WILLS, ESTATES AND POWERS OF ATTORNEY

Wills and Estates

  • image
    Wills and estates are legal concepts that relate to the distribution of assets and property after someone has passed away. A will is a legal document that outlines how a person's assets and property should be distributed after their death. It can also appoint an executor to manage the distribution of assets and specify how debts and taxes should be paid.
    An estate, on the other hand, is the total sum of a person's assets and liabilities. When someone dies, their estate becomes a separate legal entity, and it is responsible for paying any outstanding debts, taxes, and distributing assets to heirs and beneficiaries.
    When a person dies without a will, their estate is subject to the laws of intestacy. In this case, the distribution of assets is determined by the court and may not align with the deceased person's wishes. It's important to have a will in place to ensure that your assets are distributed according to your wishes and to avoid any potential conflicts among family members. Some specific tasks that a wills and estate lawyers may handle include drafting wills, creating trusts, probating estates, resolving contested wills, and managing the transfer of property ownership.
    In addition to wills, there are other estate planning tools available, such as trusts and powers of attorney, which can help ensure that your wishes are carried out in the event of your incapacity or death. It's important to consult with an attorney or financial planner to determine the best approach for your individual situation.

HOW TO MAKE A VALID WILL?

  • image
    To make a valid will, there are certain requirements that must be met. These requirements can vary depending on the jurisdiction, but there are some common elements that apply in many places:

    • Understanding capacity:

    The person making the will (the "testator") must have the capacity to understand what they are doing and the consequences of their actions. This means they must be of sound mind and not under the influence of any drugs or alcohol that could impair their judgment.

    • Age:

    The testator must be of legal age, which is usually 18 years old or older. Some jurisdictions may allow a person under 18 to make a will under certain circumstances, such as if they are married or in the military.

    • Intent:

    The testator must have the intent to create a will and understand the consequences of their choices. This means they must be making a deliberate decision about how their assets will be distributed after their death.

    • Witnesses:

    The will must be witnessed by at least two people who are not beneficiaries under the will. The witnesses must watch the testator sign the will and then sign the document themselves, attesting to the fact that the testator appeared to be of sound mind and not under duress.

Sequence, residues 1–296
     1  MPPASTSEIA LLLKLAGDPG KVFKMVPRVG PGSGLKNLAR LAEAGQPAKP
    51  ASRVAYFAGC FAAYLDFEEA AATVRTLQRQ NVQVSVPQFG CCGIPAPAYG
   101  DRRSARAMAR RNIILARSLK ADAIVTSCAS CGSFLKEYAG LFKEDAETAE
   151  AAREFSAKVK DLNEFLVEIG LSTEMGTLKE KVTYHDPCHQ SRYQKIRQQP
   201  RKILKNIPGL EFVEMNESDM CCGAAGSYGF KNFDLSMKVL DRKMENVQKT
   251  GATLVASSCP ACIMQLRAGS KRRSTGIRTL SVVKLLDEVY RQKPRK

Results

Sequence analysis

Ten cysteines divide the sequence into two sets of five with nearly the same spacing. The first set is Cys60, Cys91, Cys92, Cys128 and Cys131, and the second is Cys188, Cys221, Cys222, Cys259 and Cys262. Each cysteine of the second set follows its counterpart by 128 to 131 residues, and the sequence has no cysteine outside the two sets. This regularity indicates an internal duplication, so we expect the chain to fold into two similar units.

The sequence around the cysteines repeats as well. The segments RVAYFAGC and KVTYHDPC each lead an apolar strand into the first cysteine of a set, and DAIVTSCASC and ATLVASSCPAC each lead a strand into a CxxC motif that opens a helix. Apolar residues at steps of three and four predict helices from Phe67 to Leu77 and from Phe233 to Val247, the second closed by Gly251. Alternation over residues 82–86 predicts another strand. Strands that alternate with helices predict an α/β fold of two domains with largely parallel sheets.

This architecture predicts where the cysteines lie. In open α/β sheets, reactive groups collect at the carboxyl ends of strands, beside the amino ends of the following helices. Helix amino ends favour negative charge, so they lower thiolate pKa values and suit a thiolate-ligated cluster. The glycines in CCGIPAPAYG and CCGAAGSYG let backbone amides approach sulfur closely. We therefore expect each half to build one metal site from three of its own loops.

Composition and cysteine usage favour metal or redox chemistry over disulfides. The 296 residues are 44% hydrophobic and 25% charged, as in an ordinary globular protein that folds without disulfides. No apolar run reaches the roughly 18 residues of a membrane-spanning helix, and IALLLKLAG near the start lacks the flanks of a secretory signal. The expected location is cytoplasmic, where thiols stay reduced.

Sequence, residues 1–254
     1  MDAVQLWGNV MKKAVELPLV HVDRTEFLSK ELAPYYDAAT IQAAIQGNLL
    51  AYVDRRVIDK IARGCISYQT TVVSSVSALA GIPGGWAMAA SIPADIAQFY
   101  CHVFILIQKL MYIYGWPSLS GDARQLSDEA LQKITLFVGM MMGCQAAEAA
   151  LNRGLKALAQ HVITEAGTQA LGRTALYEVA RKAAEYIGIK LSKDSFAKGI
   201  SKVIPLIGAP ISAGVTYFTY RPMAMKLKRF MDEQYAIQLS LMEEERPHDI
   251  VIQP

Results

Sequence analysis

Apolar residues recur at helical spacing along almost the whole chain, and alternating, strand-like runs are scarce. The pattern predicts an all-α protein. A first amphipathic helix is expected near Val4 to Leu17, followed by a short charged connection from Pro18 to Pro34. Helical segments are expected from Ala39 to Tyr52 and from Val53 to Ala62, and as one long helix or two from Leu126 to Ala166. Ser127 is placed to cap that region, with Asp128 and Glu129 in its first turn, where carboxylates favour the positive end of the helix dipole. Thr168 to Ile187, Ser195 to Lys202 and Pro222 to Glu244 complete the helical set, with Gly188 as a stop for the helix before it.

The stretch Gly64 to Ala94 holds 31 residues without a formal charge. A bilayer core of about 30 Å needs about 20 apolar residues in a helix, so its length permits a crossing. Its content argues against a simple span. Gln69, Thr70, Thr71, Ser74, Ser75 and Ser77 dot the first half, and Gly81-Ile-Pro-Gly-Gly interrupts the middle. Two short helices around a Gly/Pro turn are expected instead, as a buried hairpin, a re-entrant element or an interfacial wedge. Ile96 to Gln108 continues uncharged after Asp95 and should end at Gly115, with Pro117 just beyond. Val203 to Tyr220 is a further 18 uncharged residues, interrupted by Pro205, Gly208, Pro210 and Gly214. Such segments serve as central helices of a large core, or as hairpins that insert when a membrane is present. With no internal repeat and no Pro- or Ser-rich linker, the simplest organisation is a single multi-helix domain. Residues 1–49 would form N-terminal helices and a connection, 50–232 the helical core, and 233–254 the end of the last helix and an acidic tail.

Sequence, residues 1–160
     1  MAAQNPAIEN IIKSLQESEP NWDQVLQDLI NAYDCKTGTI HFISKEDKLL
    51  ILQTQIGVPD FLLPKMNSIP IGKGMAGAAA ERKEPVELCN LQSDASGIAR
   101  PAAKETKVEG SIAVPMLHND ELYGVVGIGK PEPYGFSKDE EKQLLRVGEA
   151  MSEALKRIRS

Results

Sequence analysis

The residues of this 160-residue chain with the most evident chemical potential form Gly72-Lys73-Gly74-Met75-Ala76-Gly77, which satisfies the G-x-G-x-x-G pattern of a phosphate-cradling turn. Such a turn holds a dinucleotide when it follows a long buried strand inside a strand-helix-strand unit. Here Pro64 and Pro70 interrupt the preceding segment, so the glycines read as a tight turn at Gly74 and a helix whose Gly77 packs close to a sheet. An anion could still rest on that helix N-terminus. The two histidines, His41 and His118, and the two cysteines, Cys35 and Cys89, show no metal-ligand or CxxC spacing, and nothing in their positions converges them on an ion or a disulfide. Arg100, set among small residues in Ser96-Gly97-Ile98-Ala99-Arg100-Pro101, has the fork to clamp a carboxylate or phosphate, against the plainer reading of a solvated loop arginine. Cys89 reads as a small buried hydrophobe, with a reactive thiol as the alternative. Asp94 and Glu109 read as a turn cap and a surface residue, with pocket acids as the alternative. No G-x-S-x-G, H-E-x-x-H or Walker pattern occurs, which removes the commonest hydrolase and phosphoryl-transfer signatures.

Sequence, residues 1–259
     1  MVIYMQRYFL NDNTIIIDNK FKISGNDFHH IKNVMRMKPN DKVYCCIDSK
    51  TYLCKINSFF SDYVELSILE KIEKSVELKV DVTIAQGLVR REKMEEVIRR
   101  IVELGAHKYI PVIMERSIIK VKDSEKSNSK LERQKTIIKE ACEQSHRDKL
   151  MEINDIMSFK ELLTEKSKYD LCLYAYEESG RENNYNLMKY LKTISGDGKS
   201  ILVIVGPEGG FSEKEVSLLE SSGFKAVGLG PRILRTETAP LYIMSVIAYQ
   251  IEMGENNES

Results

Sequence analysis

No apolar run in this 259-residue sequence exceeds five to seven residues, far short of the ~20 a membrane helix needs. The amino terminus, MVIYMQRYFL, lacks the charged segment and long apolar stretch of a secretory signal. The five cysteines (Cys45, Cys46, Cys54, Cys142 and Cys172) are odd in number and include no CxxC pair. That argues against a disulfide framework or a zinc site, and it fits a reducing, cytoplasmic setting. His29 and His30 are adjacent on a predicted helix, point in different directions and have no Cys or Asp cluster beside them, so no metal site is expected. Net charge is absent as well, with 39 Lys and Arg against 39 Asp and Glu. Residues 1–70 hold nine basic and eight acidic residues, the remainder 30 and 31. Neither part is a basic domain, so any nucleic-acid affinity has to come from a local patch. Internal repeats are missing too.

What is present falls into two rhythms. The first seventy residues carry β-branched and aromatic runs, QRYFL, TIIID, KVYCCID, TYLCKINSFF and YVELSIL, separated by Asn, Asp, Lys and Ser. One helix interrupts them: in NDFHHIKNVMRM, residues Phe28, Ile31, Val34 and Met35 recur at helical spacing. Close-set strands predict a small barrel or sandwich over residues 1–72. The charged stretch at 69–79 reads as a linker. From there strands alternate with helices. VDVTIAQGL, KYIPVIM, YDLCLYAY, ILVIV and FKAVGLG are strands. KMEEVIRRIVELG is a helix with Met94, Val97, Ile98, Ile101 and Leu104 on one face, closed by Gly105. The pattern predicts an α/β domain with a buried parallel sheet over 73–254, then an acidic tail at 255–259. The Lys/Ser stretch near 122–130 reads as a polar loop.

• Formalities:

    The will must be in writing, either handwritten or typed, and signed by the testator. Some jurisdictions may require additional formalities, such as having the will notarized.

POWERS OF ATTORNEY

  • image
    A power of attorney is a legal document that gives one person the power to act on behalf of another person (the "principal") in certain matters. The scope of the authority granted in a power of attorney can vary depending on the specific document and the wishes of the principal. Lawyers can be involved in drafting and executing POAs, especially when complex legal considerations are involved or when the principal wants to ensure their interests are properly protected.

TYPES OF POWER OF ATTORNEY

  • image
    There are two main types of powers of attorney:
    • A General Power of Attorney
    • A Enduring Power of Attorney.

    1-A general power of attorney

    A general power of attorney gives the attorney-in-fact broad authority to act on behalf of the principal in a variety of matters, such as signing contracts, managing financial accounts, and making healthcare decisions. However, a general power of attorney usually terminates if the principal becomes incapacitated.

    2- A Enduring Power of Attorney

    A enduring Power of Attorney, on the other hand, remains in effect even if the principal becomes incapacitated. This type of power of attorney is often used in estate planning to ensure that someone can make financial and healthcare decisions for the principal if they are unable to do so themselves.